Investment advisor's infringement claim crashes
In Knight-McConnell v Cummins (2004 WL 1713824 (SDNY July 29 2004)), the US District Court for the Southern District of New York has dismissed claims that the defendant had infringed the plaintiff's trademark rights or engaged in unfair competition under the Lanham Act or common law by (i) linking her website to the plaintiff's site, and (ii) using the plaintiff's name in the post-domain path of a URL [uniform resource locator].
Kathy Knight-McConnell, a New York publisher of a website and a newsletter about stock trading, sued Mary Cummins, an individual based in California. Cummins had posted numerous messages on various website discussion groups and her own site, which alleged that Knight-McConnell was a securities fraud "criminal", "insane", "paid to lie to investors", a cheat, a thief and "obese". Cummins had also linked her website to Knight-McConnell's site.
In her complaint, Knight-McConnell claimed that Cummins had repeatedly reported her to the Securities and Exchange Commission and had written to various "clients" and/or associates of Knight-McConnell accusing her of fraud. The claims were based on securities law violations, various state law claims, such as defamation, invasion of privacy and tortious interference with contract, and trademark and copyright infringement.
The US District Court for the Southern District of New York granted Cummins's motion to dismiss all claims in the complaint, including the trademark infringement claim, which was based on allegations that Cummins had:
- linked her website to Knight-McConnell's site without authorization;
- used Knight-McConnell's name in the post-domain path of the URLs for some of her web pages; and
- posted links on internet chat forums directing users to visit these web pages.
The court held that Cummins's statements concerning Knight-McConnell could not, as a matter of law, constitute a violation of the Lanham Act because there was no likelihood that the public would believe Cummins's insults were connected with Knight-McConnell or her publications. It noted that "[t]he mere appearance on a website of a hyperlink to another site will not lead a web user to conclude that the owner of the site he is visiting is associated with the owner of the linked site". Thus, the link between Knight-McConnell's site and Cummins's postings could not cause confusion among the public. In addition, in this case, Cummins's website advertised real estate and web design services, whereas Knight-McConnell's site focused on investment services that were unrelated to Cummins's services. Therefore, confusion between the two sites was unlikely. Cummins's criticisms of and accusations aimed at Knight-McConnell would prevent a web user from thinking that there was a connection between them or their respective services.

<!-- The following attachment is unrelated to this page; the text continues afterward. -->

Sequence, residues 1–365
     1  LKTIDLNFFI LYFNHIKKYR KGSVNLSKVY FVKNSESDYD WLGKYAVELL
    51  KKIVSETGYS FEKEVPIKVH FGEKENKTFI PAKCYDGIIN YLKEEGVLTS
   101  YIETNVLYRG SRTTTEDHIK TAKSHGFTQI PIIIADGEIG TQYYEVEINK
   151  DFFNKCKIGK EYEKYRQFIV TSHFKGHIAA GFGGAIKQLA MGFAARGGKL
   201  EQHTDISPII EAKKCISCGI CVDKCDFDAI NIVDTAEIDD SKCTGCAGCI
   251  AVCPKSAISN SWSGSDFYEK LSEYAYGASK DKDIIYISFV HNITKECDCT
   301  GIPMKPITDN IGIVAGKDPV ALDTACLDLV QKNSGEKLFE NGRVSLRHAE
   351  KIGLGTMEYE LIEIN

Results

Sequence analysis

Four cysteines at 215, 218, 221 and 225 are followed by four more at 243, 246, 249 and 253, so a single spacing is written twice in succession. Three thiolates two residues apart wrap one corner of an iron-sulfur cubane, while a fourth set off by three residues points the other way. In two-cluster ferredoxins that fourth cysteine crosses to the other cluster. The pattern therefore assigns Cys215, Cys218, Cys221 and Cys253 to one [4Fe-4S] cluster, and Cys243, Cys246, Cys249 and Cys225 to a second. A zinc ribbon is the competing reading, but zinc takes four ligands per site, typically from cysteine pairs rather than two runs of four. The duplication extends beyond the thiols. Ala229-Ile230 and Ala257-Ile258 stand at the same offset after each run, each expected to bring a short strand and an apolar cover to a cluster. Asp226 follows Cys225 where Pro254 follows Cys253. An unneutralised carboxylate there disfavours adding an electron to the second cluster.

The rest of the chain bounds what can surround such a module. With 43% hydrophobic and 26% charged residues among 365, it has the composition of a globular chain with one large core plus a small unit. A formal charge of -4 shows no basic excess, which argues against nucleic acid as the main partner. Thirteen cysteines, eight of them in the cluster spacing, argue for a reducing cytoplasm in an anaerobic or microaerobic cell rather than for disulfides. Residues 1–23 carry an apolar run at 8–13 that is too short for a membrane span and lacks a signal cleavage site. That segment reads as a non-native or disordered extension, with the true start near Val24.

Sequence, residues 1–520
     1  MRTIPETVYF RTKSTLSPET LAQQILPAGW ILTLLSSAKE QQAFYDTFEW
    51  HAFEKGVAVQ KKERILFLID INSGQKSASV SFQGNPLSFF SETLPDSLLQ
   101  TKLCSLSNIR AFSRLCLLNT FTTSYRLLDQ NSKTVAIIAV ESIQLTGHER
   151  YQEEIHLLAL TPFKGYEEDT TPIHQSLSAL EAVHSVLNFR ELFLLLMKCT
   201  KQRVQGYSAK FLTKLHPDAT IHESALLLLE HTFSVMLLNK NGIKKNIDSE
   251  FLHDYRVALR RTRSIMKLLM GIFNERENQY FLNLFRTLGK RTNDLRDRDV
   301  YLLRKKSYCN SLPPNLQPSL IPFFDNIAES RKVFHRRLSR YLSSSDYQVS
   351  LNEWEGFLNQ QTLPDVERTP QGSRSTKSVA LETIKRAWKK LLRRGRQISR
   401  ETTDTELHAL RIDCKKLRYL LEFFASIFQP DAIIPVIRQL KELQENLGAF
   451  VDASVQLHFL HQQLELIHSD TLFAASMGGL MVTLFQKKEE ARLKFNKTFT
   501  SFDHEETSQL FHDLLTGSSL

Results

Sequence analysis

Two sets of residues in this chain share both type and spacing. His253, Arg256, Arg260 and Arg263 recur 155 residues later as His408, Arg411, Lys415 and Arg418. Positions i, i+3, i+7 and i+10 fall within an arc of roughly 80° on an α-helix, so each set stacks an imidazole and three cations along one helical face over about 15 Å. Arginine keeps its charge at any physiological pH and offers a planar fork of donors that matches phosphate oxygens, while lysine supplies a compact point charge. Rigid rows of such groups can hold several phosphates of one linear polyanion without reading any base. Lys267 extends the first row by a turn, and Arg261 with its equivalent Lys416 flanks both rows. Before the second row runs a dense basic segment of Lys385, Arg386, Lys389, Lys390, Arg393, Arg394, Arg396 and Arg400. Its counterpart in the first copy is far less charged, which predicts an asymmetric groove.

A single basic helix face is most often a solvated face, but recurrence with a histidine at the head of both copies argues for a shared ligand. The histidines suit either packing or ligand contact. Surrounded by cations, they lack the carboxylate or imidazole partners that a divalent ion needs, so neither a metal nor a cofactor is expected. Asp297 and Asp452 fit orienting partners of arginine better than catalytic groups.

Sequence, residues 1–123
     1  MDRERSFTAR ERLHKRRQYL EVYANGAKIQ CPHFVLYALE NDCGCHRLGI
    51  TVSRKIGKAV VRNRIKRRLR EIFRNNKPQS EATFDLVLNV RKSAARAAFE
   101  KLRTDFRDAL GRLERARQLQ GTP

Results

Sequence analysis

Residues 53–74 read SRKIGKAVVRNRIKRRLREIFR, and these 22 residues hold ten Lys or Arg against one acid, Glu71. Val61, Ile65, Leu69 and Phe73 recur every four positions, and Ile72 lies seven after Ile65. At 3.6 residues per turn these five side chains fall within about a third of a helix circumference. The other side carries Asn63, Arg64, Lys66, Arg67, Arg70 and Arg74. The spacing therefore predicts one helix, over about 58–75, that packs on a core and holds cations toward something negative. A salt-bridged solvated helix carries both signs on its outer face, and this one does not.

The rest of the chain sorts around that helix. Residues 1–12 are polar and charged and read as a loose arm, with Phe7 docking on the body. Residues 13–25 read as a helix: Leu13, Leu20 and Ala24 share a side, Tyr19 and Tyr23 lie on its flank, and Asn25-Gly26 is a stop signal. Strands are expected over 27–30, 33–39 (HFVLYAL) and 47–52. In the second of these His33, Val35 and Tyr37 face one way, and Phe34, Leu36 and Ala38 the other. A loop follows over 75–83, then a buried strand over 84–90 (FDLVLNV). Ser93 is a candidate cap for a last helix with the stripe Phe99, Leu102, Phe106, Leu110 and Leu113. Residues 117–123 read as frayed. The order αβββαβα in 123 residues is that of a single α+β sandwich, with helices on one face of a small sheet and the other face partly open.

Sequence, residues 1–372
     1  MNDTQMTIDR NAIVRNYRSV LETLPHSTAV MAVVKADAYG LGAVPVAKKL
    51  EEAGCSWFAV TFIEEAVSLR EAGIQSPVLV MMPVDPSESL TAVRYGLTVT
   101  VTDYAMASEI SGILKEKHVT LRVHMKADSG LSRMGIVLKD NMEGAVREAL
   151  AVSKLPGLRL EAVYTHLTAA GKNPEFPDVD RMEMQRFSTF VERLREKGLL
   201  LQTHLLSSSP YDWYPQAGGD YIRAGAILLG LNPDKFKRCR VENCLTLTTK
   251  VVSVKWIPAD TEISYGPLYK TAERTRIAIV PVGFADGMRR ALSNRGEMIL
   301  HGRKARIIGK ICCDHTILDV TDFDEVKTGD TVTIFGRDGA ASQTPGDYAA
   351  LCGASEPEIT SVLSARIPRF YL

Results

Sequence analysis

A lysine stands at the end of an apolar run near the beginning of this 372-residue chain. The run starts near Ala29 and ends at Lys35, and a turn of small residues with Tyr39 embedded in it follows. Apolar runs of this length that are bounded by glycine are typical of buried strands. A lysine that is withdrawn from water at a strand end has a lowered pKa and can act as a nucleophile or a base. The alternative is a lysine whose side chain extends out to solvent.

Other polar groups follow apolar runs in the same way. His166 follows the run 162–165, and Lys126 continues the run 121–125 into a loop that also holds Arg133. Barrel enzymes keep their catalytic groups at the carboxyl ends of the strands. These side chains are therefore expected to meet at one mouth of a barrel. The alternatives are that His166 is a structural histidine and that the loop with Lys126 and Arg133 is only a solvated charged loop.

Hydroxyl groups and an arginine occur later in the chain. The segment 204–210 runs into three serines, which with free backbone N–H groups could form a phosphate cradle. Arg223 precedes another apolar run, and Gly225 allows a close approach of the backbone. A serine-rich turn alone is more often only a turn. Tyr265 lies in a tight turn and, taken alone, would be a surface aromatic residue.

Similarly, Cummins's use of Knight-McConnell's name in the post-domain path of a URL and in post-domain paths of chat forums would not lead to source confusion, as the post-domain path showed no association between the two parties but merely showed how the website's data was organized.
A claim that Cummins had violated Knight-McConnell's copyright failed because Knight-McConnell had no copyright registration.
Although the court dismissed all claims against Cummins, she was ordered to pay $381.98 to Knight-McConnell as reimbursement for her costs for personal service as Cummins had failed to return the acknowledgement of service by mail.
Susan Progoff, Fish & Neave, New York
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